IMR Press / FBL / Volume 27 / Issue 1 / DOI: 10.31083/j.fbl2701018
Open Access Original Research
Screening a redox library identifies the anti-tumor drug Hinokitiol for treating intrahepatic cholangiocarcinoma
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1 Faculty of Environmental and Life Sciences, Beijing University of Technology, 100124 Beijing, China
2 Stem Cell and Regenerative Medicine Lab, Institute of Health Service and Transfusion Medicine, AMMS, 00850 Beijing, China
3 Academy of Military Medical Sciences (AMMS), Academy of Military Sciences, 100071 Beijing, China
4 The Second Medical Center, Chinese PLA General Hospital, 100853 Beijing, China
*Correspondence: Yxlong2000@bjut.edu.cn (Xinlong Yan); Yuewen0206@126.com (Wen Yue); Peixt@nic.bmi.ac.cn (Xuetao Pei)
These authors contributed equally.
Academic Editor: Graham Pawelec
Front. Biosci. (Landmark Ed) 2022, 27(1), 18; https://doi.org/10.31083/j.fbl2701018
Submitted: 28 August 2021 | Revised: 4 December 2021 | Accepted: 7 December 2021 | Published: 13 January 2022
(This article belongs to the Special Issue Recent Advances in Cancer Research and Environmental Toxicology)
Copyright: © 2022 The Author(s). Published by IMR Press.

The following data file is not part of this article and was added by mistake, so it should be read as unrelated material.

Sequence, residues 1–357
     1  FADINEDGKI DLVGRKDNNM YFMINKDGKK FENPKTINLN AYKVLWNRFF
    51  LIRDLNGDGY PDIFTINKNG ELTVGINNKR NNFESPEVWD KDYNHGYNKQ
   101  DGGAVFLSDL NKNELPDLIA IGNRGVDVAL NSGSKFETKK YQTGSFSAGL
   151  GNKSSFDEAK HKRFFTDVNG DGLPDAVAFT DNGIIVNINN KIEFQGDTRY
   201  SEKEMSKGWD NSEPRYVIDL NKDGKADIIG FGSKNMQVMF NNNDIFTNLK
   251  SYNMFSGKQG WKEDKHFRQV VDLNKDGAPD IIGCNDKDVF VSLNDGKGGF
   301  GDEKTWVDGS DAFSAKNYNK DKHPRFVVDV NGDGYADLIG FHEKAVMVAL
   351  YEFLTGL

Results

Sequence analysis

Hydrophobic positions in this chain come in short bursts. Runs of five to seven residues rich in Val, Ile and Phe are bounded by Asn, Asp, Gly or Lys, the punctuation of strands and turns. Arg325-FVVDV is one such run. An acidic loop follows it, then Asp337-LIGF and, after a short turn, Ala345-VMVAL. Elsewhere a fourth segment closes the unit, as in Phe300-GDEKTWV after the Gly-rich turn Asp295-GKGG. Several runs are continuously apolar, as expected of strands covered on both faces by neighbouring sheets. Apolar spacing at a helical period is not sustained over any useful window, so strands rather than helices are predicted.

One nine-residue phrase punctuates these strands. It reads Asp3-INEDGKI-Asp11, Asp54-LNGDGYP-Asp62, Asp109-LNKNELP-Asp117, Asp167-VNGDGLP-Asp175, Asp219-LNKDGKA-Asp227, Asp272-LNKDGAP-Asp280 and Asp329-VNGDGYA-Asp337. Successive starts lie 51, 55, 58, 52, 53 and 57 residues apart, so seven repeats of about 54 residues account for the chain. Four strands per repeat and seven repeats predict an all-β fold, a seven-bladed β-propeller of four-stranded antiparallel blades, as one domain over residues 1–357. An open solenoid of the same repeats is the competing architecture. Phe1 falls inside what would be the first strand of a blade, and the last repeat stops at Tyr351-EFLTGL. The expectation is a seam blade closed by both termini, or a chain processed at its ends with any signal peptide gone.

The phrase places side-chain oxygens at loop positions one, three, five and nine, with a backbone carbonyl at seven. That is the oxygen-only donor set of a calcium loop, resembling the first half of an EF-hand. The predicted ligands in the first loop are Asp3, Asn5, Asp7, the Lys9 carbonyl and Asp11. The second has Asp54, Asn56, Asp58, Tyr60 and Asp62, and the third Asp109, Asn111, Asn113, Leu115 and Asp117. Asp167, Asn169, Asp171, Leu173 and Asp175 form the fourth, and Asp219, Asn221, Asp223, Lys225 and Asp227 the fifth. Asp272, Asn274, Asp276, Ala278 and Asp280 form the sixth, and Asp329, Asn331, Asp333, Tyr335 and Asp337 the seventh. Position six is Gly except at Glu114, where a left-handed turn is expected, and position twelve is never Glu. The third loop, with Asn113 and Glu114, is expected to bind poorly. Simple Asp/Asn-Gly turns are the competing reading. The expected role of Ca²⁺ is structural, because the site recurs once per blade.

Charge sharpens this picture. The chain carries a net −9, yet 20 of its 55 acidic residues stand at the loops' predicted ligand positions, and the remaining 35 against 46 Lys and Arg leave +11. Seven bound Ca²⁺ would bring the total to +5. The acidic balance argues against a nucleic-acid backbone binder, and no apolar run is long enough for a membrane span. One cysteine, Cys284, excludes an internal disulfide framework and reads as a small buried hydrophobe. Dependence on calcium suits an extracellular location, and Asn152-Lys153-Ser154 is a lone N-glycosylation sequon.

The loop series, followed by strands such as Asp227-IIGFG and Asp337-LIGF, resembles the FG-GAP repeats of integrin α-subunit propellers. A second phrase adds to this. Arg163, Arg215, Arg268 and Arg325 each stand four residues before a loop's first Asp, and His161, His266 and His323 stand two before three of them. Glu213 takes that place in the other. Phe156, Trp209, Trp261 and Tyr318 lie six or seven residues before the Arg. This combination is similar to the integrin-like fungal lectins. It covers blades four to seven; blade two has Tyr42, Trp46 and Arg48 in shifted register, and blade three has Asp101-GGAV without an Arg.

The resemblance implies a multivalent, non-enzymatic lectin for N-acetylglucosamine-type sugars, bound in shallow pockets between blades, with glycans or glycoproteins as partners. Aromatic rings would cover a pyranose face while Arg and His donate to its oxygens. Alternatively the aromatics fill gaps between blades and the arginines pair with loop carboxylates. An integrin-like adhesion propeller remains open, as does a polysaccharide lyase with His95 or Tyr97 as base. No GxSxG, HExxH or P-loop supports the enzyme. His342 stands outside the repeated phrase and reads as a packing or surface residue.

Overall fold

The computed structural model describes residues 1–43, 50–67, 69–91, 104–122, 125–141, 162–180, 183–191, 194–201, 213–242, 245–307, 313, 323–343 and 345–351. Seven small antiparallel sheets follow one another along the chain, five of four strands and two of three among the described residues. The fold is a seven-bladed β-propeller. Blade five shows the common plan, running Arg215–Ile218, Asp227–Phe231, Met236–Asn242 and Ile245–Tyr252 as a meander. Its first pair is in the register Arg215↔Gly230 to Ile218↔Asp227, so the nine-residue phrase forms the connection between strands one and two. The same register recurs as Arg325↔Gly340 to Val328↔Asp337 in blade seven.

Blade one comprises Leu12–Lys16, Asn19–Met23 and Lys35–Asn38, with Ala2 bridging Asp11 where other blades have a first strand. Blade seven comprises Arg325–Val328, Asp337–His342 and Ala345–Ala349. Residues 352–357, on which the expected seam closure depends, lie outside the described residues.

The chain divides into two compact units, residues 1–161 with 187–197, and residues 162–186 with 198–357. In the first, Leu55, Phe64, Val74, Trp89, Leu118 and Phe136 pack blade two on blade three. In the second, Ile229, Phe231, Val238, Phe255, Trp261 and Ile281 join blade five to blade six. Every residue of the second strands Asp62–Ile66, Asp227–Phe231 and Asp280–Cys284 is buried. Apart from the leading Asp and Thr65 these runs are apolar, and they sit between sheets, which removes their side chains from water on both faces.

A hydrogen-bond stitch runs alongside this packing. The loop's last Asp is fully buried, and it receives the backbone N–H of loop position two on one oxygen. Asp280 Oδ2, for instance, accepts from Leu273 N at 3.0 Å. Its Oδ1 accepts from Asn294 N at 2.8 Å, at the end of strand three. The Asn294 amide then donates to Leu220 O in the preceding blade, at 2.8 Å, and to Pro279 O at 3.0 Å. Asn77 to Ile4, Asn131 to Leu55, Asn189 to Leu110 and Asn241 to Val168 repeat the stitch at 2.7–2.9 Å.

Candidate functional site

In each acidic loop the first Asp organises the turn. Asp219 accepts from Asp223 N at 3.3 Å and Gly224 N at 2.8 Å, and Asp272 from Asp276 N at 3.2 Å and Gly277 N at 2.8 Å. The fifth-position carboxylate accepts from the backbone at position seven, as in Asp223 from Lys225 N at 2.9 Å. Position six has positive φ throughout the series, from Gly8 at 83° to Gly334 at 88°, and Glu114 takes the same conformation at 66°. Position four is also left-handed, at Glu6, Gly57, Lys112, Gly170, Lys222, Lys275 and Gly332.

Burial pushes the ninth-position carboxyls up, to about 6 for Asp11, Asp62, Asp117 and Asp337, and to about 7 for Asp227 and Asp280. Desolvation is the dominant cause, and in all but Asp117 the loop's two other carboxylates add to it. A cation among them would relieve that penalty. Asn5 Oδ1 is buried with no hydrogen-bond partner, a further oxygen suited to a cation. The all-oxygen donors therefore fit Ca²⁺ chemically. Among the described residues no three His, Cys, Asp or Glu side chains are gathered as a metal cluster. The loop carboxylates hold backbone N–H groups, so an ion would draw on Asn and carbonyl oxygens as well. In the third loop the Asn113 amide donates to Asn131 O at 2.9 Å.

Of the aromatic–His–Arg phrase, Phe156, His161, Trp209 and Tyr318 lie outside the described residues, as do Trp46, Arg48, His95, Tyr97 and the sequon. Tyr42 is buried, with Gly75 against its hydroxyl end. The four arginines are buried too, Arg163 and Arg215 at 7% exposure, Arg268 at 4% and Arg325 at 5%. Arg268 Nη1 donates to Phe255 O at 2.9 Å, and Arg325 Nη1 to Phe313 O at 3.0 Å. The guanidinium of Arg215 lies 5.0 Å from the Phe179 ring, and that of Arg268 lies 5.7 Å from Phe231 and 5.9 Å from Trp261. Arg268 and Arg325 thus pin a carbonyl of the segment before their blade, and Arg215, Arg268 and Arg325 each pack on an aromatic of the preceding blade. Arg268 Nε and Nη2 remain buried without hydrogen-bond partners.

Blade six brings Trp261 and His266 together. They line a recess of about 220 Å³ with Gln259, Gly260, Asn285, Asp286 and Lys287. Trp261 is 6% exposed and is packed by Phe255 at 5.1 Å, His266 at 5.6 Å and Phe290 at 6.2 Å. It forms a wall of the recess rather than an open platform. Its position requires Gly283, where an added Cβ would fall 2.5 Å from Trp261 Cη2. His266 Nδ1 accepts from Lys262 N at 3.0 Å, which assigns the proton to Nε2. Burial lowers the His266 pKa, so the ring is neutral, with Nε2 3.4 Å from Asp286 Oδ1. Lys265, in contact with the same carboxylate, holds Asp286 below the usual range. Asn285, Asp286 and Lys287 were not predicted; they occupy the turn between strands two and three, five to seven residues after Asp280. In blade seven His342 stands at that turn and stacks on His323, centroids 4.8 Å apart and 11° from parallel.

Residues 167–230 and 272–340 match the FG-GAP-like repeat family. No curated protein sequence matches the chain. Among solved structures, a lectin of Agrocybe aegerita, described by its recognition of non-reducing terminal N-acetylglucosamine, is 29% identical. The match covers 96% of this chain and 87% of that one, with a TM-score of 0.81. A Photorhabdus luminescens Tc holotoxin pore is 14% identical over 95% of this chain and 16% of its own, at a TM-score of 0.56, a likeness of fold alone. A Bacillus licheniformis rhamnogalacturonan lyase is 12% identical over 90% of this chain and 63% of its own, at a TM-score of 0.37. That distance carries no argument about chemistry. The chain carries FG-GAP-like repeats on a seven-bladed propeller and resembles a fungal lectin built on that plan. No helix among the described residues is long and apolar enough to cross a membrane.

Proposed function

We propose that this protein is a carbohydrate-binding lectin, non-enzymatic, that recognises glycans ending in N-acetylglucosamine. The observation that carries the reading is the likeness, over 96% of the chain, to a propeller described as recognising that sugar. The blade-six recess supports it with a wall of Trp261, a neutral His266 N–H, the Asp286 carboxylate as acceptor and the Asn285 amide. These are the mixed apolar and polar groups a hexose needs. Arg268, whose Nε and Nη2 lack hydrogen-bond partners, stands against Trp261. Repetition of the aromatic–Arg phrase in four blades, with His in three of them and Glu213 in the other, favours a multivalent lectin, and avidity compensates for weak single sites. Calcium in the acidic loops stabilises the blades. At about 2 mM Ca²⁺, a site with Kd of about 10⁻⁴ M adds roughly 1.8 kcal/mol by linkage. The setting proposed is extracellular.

This is an open access article under the CC BY 4.0 license.
Abstract

Aims: Intrahepatic cholangiocarcinoma (ICC) is a highly malignant and heterogeneous cancer with a poor prognosis. At present, there is no optimal treatment except for surgical resection, and recurrence after resection will lead to death due to multidrug resistance. Changes in the redox signal have been found to be closely related to the growth and drug resistance of tumor cells. Therefore, the purpose of this study was to screen small molecule compounds from the redox library to find a drug for anti-ICC and to explore its downstream mechanism. Material and methods: Tumor clone and sphere formation of ICC cell lines, as well as mouse ICC organoid proliferation assays were utilized to screen the candidate drug in the Redox library. Western blotting, quantitative reverse-transcription polymerase chain reaction (qRT-PCR), as well as cell apoptosis and cell cycle flow cytometry assays were used to explore the mechanism. Results: We found that Hinokitiol was a candidate drug through inhibition of tumor clone and sphere formation, and the expression of cancer stem cell (CSC)-related genes. Furthermore, Hinokitiol significantly inhibited the proliferation of ICC cells by downregulating the ERK and P38 pathways. In addition, the combination of Hinokitiol and Palbociclib showed a significant inhibitory effect on human ICC cells and mouse ICC organoids. Conclusion: Hinokitiol may have the potential to be developed as a clinical therapeutic drug for ICC treatment.

Keywords
Redox library
Intrahepatic cholangiocarcinoma
Hinokitiol
Proliferation
Tumor sphere
Tumor organoids
Figures
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